© Infopowered Solutions Inc., 2019-11-13
This week’s unceremonious end to Don Cherry’s long reign as pro hockey’s outspoken analyst extraordinaire sparks a number of important discussions about discrimination, implicit bias, nationalism and freedom. Socially less significant but individually crucial is the lesson that Cherry’s predicament teaches all employees, regardless of their careers:
Our opinions, regardless of the intents behind them, can get us in a whole bunch of trouble.
On his pre-Remembrance Day Saturday night rant, Cherry pounded home his point that Canadians should wear poppies as a demonstration of our gratitude for the sacrifices made by brave Armed Forces veterans in the defence of our freedom. If his commentary had ended there, all would have likely been well but, sadly, it didn’t. He went on to suggest that immigrants don’t wear poppies and, by implication, aren’t grateful for our Canadian way of life. A few days later, amidst a storm of social media responses, Cherry’s employer announced that he was no longer employed.
The dumping of this iconic Canadian isn’t the first instance of an employee being sacked for saying the wrong thing in the public sphere, and it serves as a sobering reminder to all of us that the opinions we express in this high-tech world of electronic connection can ignite massive, fast-burning controversy that causes widespread devastation. Remember, as just a few more examples, these poor choices of public expression:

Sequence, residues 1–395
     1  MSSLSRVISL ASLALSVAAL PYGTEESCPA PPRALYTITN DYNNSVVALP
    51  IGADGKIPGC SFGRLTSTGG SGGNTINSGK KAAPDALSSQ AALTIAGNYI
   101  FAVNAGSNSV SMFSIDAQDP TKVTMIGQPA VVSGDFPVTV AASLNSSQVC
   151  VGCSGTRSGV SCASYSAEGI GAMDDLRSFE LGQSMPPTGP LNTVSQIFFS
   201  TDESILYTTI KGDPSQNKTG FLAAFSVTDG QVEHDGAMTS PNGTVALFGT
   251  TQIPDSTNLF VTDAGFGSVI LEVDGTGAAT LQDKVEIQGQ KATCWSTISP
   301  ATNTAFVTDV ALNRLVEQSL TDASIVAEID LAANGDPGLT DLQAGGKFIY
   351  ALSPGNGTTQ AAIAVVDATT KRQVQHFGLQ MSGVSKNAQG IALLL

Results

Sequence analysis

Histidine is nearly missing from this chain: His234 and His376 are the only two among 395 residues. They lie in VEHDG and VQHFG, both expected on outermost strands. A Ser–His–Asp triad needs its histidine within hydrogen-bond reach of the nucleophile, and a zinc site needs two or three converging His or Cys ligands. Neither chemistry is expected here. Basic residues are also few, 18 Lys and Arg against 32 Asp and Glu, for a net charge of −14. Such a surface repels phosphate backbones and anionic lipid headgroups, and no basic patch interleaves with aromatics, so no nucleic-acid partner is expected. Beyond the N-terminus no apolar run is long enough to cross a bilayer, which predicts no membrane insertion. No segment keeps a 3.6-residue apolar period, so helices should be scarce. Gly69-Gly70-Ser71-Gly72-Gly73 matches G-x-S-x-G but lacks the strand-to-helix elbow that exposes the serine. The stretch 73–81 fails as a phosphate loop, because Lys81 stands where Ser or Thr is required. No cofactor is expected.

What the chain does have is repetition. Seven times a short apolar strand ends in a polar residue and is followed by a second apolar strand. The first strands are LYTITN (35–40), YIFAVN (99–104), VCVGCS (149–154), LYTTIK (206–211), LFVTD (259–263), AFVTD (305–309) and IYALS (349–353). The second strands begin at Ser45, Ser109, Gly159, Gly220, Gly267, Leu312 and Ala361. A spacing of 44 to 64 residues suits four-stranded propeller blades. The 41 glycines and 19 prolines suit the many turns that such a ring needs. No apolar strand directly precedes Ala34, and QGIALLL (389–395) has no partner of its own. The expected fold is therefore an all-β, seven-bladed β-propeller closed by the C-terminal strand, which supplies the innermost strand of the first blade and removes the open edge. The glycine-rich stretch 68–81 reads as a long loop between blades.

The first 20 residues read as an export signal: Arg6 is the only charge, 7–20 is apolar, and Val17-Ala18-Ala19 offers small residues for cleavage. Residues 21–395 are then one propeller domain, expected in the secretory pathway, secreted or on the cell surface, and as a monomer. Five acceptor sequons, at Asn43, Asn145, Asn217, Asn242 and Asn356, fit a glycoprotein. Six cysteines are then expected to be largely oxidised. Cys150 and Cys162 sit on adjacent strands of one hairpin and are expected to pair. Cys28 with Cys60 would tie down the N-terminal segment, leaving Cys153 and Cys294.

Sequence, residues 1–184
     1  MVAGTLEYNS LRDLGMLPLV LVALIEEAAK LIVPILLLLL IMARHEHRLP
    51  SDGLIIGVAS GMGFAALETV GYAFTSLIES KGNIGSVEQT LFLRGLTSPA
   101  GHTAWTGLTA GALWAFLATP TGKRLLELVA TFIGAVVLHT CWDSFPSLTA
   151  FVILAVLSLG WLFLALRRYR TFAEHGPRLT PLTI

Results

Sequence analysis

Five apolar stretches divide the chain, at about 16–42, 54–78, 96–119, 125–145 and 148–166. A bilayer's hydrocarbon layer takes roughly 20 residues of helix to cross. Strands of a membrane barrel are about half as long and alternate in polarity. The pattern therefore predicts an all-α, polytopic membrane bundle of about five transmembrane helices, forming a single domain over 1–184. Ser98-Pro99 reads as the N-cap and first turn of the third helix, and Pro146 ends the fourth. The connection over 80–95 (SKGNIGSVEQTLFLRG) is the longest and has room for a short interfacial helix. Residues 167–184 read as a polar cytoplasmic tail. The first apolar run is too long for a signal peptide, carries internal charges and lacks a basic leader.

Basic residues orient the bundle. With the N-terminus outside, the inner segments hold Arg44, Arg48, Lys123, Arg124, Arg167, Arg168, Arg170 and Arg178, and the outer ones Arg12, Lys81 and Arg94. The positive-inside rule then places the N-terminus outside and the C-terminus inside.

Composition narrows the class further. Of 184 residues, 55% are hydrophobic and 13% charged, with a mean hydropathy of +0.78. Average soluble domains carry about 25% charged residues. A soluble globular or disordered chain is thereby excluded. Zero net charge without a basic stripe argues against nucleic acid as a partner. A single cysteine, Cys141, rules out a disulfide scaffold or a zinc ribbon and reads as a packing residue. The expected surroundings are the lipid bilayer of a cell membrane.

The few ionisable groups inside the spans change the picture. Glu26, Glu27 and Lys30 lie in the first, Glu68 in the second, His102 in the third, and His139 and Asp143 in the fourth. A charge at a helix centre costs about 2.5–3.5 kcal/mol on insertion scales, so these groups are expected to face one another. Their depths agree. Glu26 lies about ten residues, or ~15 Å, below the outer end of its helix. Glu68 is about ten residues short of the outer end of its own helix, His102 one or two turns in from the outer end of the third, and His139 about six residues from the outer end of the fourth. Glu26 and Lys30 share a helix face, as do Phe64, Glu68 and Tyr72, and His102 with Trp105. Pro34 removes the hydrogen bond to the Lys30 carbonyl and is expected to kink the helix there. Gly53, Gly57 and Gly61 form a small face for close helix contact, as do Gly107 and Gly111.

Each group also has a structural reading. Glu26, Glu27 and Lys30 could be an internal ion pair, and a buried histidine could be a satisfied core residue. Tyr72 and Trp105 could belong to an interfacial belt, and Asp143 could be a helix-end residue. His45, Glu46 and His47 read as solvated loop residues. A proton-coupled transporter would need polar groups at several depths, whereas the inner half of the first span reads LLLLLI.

Sacco was a senior director of corporate communications in 2013 when she hastily posted this Tweet on her way to South Africa. While she was enroute, her post stoked major backlash, and she was fired before her flight landed.
In the case of Adria Richards, one of the employees she photographed and Tweeted about was fired from his job and, in turn, that kindled a revenge bullying campaign against Richards herself. Ultimately, Richards was also fired by her employer, which said:
— SendGrid (@SendGrid) March 21, 2013
While there are a number of lessons to be learned from the case of Don Cherry and poppies, two of them apply especially in employment relationships:
1. For employees: Remember that opinions expressed in any form of social media can have far-reaching and permanent consequences. While controversial statements might earn you some attention on social media, it’s attention that may be ultimately damaging to you and others.
2. For employers: Your employees are likely using social media.* In order to reduce the number and extent of risks that come from that use, you should carefully and creatively construct a social media policy and education program that sets parameters for employees’ online conduct.
At Infopowered, we’re interested in effective, data-driven solutions to workplace problems. If you’d like to discuss implementing an effective workplace social media program in your organization, please contact us!